On View February 28 - April 12, 2014
In conjunction with the FotoFest 2014 Biennial

Opening Reception
Friday, February 28, 2014
6:30 – 8:30 PM, Artist talks at 6 PM


Love Letters in a Tree • Otis Ike & Ivete Lucas
John M. O'Quinn Gallery

Otis Ike and Ivete Lucas employ documentary photography and filmmaking to explore encounters with niche segments of society. While much of Ike and Lucas’s work speaks to the closeness the artists developed with their varied subjects, their most recent project, Love Letters in a Tree, examines from a distance the intimate yet physically detached relationship between two anonymous correspondents. For this series, Ike and Lucas photographically recorded the daily exchange of letters hidden inside a dying tree in Houston, Texas. Using only their first initials, “V” and “J” wrote and illustrated their reflections on love, nature, family, and mysticism. By documenting this exchange, Ike and Lucas address the interwoven nature of public and private spaces, and provide commentary with their interception and restaging of this communication between individuals.

Click here to download the gallery pamphlet.

Otis Ike's website
Ivete Lucas' website

Safe Distance • Galina Kurlat
Cecily E. Horton Gallery

Safe Distance explores the intimate relationship between photographer and sitter. This relationship becomes as much about the process of making the images as the final photograph. The slow, tenuous process of creating large format photographs invites the sitter to orchestrate his or her own compositions.  Each gesture, conscious or not, informs the viewer, while the direction of the subjects' gaze becomes their choice to reveal or hide. Using Polaroid positive/negative black and white film, a fragile medium that has a tendency to react to changes in temperature and humidity, Kurlat deliberately manipulates the negatives while allowing others to degrade, resulting in a controlled serendipity to dictate the final portrait. 

Click here to download the gallery pamphlet.

Galina Kurlat's website

CURB APPEAL • Krista Birnbaum
Grace R. Cavnar Gallery

In the same way that much of Houston is carefully planted, then neatly trimmed around houses, sidewalks, and trees, Krista Birnbaum’s CURB APPEAL fits hedges, trailing vines, and decorative grasses into the structure of the gallery. Using artificial plants, paper cutouts and printed photographs to stand in for living foliage, the installation references the careful maintenance of a year-round growing season into minimalist, geometric form. Photographic and sculptural elements mirror each other, repeating the pleasant constraints placed upon urban nature.

Click here to download the gallery pamphlet.

Krista Birnbaum's website

Friends in Low Places • Spike Johnson
Project Space

Friends in Low Places is a photographic project documenting the lives of a group of U.S. veterans who exist beneath Houston's Downtown in a series of caves, tunnels and alcoves that line the bayou and nestle under the highways. The percentage of veterans in the homeless community is double the representation of veterans in normal society. Around 300,000 veterans sleep rough every night in the United States, around 1 million will have been homeless at some point in 2012. Wrestling with psychological problems, arrest warrants, and an inability to integrate into civilian society, they group together for companionship, seeking solace in a hidden existence. Together they build shelters from scraps of tarpaulin, or scuttle through holes in concrete bridges into the caves beyond. They share the burden of addiction, self-medicating the pain of old injuries, or drowning memories in a blur of alcohol or crack cocaine.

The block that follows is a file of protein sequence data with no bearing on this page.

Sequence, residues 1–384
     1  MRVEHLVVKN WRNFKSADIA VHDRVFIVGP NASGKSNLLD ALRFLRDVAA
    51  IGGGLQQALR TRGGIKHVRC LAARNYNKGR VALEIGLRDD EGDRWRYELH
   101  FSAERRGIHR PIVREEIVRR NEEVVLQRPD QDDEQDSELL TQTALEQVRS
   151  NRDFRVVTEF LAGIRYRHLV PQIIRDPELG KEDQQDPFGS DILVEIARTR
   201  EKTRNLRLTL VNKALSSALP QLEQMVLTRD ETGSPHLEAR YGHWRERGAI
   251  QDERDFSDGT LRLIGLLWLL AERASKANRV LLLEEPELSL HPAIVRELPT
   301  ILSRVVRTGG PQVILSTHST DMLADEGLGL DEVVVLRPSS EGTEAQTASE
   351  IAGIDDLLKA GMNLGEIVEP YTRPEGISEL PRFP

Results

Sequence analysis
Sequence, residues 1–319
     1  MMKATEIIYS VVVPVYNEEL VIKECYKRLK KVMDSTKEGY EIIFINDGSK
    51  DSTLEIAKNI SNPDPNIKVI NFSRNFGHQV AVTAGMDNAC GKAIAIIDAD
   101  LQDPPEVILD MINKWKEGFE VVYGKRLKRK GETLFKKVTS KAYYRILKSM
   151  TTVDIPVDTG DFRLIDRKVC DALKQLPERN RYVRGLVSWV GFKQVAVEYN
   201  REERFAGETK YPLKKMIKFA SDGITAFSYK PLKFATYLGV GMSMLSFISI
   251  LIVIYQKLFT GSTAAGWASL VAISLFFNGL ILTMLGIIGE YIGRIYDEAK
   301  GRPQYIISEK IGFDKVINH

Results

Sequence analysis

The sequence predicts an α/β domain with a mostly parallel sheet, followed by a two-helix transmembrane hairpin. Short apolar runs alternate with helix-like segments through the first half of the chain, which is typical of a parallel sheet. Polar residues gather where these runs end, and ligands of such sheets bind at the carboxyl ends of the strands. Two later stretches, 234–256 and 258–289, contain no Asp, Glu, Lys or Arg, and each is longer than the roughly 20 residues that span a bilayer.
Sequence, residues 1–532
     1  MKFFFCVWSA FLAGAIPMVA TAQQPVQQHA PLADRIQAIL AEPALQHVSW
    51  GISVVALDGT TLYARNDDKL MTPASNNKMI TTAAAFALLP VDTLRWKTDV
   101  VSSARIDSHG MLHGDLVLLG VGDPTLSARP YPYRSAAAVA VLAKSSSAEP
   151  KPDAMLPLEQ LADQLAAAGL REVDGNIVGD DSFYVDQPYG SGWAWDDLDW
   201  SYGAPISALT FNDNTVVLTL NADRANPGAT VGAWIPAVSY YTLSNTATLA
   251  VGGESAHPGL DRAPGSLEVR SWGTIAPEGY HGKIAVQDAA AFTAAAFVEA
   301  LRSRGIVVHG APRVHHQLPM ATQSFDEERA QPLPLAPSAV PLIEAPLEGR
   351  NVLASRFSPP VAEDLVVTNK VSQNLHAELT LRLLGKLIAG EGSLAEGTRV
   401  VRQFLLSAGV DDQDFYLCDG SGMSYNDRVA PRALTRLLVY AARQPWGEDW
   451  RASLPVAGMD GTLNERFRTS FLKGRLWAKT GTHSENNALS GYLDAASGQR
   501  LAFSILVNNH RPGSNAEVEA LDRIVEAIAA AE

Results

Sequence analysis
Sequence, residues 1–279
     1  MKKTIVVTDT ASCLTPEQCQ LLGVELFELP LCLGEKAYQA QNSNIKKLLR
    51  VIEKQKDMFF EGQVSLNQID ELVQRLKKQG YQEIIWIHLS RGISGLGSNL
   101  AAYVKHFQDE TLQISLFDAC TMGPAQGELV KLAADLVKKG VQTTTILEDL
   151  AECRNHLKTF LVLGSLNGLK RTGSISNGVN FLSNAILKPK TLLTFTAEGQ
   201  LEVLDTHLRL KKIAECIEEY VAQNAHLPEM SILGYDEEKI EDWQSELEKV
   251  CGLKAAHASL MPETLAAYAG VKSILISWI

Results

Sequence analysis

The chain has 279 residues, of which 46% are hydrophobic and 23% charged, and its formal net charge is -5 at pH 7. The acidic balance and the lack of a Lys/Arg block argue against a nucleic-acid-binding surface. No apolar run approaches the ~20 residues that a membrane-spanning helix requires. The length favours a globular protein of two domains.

Click here to download the gallery pamphlet.

Spike Johnson's website

Also on view
through January 2015

The People's Plate • Otabenga Jones & Associates
North Exterior Wall

Through a collaborative art project/public health program, Otabenga Jones & Associates will attempt to mitigate the ongoing health crisis of obesity and its related risks. The Collective will create a public mural at the Lawndale Art Center along with a series of adjacent programs, kicking off a year-long commitment to health education. Programs will include cooking classes, a foraging workshop, an urban gardening workshop, an instructional cooking video and a line of mass produced lunchboxes that will be made available to the public. Inspired by the Black Panther Free Breakfast for School Children Program, which saw the Panthers cooking and serving breakfast to poor inner city children, the Collective aims to provide at-risk community members with a set of tools that will encourage self-sufficiency and empowerment in terms of maintaining their own health through food choices, while building community.

Click here to download the gallery pamphlet.

The People’s Plate is a project of Creative Capital.

The Lawndale Mural Project is funded in part by Kinzelman Art Consulting and the Mid-America Arts Alliance ENGAGE Community Engagement Project.
 

 

Contact

4912 Main Street
Houston, Texas 77002
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T  713.528.5858
F  713.528.4140
E  askus@lawndaleartcenter.org

Hours
Monday–Friday 10 AM–5 PM
Saturday 12–5 PM
Closed Sunday

Admission
Free Exhibition Admission

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Lawndale Art Center develops local contemporary artists and the audience for their art.

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